Friday 20 April 2018

Mark Ogden: Unwitting Moyes handing his players an excuse

Talk of lowering expectations at Old Trafford has seen post-Fergie malaise set in quickly

Manchester United midfielder Anderson shoots over the bar under pressure from a clutch of West Brom defenders
Manchester United midfielder Anderson shoots over the bar under pressure from a clutch of West Brom defenders

Mark Ogden

It was a damning assessment of his team's failings, but perhaps there really was no hiding place for David Moyes and his Manchester United players after such an insipid home defeat against West Bromwich Albion.

Manchester Utd 1 West Brom 2

"It was the whole thing," Moyes said. "We were lacklustre in nearly all the areas, so we've got to try and work on it and improve.

"We are just not playing that well. We should be scoring more from open play and we should be defending better. There were lots of things that disappointed me."

Despite a third defeat in six league games, which ensured United's worst start to a season in 24 years, they are holding off from the blame game at Old Trafford judging by the applause for Moyes at full-time.

Bewilderment, rather than anger, appears to be the pervading mood, but Moyes seems to be the only one prepared to discuss the elephant in the room, that this United team are vulnerable and, as West Brom showed, increasingly incapable of coping with opponents prepared to expose their weaknesses.

Yet Moyes' honesty may ultimately prove to be as damaging to United's hopes of success as the problems he has inherited from Alex Ferguson.

The narrative of the season so far from Moyes has been one of lowering expectations. The squad, he insists, is not strong enough in key areas and the Scot even suggested in the wake of the 4-1 defeat at Manchester City last week, which he described as "embarrassing", that he required two new players to go straight into his starting 11.

Moyes is undoubtedly correct in his assessment: United do lack quality, particularly in midfield, but there is a danger that he is giving his players an excuse for failure by repeatedly highlighting their frailties.

Ferguson, in contrast, would never talk his team down. He would often exaggerate the potential of his players simply to instill the belief that they could achieve great things. The mind games started at home, in the United dressing room, and Ferguson's psychology delivered the results, but the message from Moyes is one of fear and concern and he may need to find a way of saying something he does not believe in order to put his team back on track.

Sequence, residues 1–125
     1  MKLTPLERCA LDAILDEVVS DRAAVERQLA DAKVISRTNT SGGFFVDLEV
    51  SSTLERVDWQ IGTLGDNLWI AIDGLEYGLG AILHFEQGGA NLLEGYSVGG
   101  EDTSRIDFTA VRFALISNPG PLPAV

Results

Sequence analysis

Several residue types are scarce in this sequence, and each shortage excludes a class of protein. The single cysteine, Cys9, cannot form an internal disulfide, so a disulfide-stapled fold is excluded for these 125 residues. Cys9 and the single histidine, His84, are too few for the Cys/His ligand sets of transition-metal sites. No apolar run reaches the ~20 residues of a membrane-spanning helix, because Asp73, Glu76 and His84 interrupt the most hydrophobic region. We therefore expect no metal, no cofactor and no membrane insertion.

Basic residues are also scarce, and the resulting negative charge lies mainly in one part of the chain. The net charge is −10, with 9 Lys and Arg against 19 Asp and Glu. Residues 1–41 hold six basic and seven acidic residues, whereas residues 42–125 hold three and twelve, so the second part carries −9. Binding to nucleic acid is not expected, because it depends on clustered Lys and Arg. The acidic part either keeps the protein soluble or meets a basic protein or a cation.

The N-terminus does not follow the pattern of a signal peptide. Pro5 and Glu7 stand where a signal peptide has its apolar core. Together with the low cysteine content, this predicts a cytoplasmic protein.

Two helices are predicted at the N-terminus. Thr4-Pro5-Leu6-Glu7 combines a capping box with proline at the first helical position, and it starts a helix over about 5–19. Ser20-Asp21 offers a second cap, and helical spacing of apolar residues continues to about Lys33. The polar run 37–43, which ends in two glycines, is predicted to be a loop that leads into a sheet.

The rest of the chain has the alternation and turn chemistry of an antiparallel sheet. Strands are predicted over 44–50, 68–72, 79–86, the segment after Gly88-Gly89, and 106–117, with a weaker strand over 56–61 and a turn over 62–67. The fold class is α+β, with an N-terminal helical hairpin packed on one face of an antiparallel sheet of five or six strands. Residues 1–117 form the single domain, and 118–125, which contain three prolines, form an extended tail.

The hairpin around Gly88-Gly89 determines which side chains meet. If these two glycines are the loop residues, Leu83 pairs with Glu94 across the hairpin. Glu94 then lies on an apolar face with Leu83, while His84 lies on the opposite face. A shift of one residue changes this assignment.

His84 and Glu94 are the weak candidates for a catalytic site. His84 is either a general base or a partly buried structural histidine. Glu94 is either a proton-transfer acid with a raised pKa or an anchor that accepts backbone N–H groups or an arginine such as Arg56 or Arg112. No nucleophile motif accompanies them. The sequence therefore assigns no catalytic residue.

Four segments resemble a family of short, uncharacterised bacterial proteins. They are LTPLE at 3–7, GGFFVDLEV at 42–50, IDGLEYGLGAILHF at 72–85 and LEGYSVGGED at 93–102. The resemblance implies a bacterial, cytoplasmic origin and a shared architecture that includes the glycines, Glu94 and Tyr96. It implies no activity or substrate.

The current United squad was good enough to win last season's title by 11 points, so the drop in form and performances has been alarming and Moyes accepts he must take his share of the blame for that. "The players set really high standards, they are all top lads, but when you're the manager, you take it (blame)," Moyes said.

"That's what happens and you know what the consequences are because if the team loses it's always the manager. I'm taking over a new team and there will be some setbacks along the way, but there are other clubs having setbacks as well, not just us. We said at the start it could be a topsy-turvy season and it may well prove to be that."

So where do United go from here? The Champions League trip to Shakhtar Donetsk on Wednesday precedes a visit to Sunderland on Saturday and Moyes can ill afford another defeat from those fixtures. Having rested Nemanja Vidic, Patrice Evra and Robin van Persie in this game, he will at least be able to restore those key figures to his team, but Marouane Fellaini has done little to improve United since his £27.5m arrival from Everton, and Rio Ferdinand, Anderson and Javier Hernandez were so far off the pace against Albion that all three will be lucky to start in Ukraine or on Wearside.

And then there is Moyes' strange handling of Shinji Kagawa, the Japanese midfielder who stood out in the first half on Saturday but was replaced for "tactical reasons" at half-time.

Kagawa's removal took away a threat to Steve Clarke's team and the visitors took advantage by opening the scoring when Morgan Amalfitano embarrassed Ferdinand and Alex Buttner by scoring from distance on 54 minutes.

Wayne Rooney's equaliser from a free-kick three minutes later would ordinarily have preceded a United onslaught, but it was West Brom who chased victory and were rewarded when Saido Berahino scored on 67 minutes.

"I didn't speak about United before the game," Clarke said. "I just spoke to my players about how we would come here and be positive and try to win the game. I want to try to change the mindset of the team. If you have good forward talent, added to a strong defensive unit, a bit more flair and creativity going forward will hopefully mean more afternoons like this."

United, clearly, will aim to experience fewer afternoons like this, but the message from the dressing-room is a determined one.

"No, I don't think it is a crisis," full-back Buttner said. "We have lost games, but we have to focus and fight in every game to win it.

"If we lose we are not happy, but we have to fight to win every game and that's not been happening. Our season starts now and we can win many games." (© Daily Telegraph, London)

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